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Re: July 2023 in the Northern Hemisphere
« Reply #9 on: July 23, 2023, 08:07:20 PM »
Hi Thomas,

Thank you so much for sharing information and your experiences with Monardella macrantha. It is difficult for me to explain how I treasure this information and how valuable this information is to my horticultural research.

It seems that you are doing quite well with Monardella macrantha. Based on my experiences with other members of this Genus, they all seem to carry the same genetic tendency toward root diseases under fairly well defined circumstances. The good news is that a good degree of genetic resistance to these root diseases can be established providing that genetically diverse populations are grown and selection of the most resistant plants is made. Many plants need to be grown and selected for as many generations as possible, but superior resistant lines can be established. This is based on my own empirical experiences with this Genus. The largest challenge is obtaining seeds that do not represent some sort of genetic bottleneck. Think along the lines of acquiring a land race! Wild seed is not necessarily a solution. Poorly documented and neglectful collection of wild seed can be as useless as the highly inbred and open pollinated unknown/unintended interspecific hybrid seeds that are frequently shared. So considering the circumstances you appear to be doing very well with Monardella macrantha.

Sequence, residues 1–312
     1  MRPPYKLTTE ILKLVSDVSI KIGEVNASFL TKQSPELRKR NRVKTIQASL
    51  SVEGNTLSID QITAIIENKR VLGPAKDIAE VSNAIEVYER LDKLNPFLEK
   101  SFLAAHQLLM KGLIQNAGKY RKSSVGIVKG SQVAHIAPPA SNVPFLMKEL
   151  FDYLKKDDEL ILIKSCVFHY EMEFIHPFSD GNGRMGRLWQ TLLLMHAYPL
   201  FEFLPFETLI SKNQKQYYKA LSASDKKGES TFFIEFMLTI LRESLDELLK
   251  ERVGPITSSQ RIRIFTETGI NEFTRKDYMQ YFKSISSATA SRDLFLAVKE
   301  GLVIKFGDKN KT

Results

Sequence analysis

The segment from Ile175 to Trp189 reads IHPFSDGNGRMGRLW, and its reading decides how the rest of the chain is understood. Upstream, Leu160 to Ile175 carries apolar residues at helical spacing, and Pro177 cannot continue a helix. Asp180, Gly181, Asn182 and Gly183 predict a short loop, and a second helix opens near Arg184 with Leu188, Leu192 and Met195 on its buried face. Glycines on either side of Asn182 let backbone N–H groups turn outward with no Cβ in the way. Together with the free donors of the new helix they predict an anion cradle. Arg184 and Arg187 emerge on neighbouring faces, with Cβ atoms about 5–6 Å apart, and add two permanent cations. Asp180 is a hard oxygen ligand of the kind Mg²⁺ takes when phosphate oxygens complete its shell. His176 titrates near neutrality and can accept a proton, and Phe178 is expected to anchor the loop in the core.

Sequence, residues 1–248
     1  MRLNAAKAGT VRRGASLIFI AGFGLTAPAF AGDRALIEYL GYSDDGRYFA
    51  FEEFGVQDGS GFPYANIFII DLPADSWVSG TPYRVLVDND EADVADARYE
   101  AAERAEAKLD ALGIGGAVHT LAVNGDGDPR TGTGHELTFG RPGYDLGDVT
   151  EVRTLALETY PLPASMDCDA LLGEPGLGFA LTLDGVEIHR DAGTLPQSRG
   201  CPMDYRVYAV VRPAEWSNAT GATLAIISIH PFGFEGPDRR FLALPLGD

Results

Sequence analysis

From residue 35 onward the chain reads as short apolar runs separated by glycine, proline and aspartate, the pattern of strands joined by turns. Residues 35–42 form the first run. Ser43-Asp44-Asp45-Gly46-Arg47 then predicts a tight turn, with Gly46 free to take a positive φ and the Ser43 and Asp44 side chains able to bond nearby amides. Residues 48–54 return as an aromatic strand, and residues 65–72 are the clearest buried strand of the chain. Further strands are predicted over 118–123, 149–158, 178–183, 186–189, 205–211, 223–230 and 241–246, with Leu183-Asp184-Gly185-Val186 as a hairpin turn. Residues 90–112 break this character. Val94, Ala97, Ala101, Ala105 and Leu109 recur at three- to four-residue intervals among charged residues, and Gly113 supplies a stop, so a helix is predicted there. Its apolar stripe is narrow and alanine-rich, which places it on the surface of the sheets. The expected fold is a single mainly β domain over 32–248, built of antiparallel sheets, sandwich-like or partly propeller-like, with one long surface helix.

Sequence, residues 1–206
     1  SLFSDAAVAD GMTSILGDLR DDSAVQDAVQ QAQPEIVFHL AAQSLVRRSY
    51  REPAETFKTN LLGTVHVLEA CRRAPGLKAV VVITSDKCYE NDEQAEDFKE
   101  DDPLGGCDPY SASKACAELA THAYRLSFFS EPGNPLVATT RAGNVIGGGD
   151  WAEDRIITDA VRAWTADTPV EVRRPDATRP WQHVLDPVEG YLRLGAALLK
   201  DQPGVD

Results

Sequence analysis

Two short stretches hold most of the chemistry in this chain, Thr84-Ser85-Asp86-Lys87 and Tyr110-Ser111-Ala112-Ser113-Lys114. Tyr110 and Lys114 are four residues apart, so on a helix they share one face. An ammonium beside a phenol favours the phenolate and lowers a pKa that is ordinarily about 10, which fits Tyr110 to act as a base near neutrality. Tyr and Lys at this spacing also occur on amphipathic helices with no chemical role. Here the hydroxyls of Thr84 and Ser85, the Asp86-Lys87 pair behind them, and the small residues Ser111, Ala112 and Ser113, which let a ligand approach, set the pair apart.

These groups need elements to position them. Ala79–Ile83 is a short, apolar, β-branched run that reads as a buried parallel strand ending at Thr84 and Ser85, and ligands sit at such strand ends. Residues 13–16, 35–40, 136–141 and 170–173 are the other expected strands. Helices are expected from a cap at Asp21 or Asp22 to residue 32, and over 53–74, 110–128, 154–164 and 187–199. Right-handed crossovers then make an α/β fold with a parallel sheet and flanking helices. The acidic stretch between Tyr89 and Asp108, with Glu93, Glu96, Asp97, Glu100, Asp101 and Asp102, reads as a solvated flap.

You might consider these ideas as you obtain seeds of Astragalus coccineus. I am sure you are aware that this is a high desert species – extremely hot during the summer, very cold in the winter almost always dry, summer and winter. One location where this species can be found is in the mountains surrounding Death Valley, California. As far as the heat and dryness, the mountains surrounding Death Valley are an improvement over the bottom of Death Valley. I would think in terms of an ecosystem in some mountain range in the Sahara Desert or Arabia as being comparable. Seeds of this species appear to be available at times from North American seed exchanges and commercial sources. You definitely have your work cut out for you with this species. Good luck. I will be keenly interested in your results, even the failures. Something good things can be learned from the failures.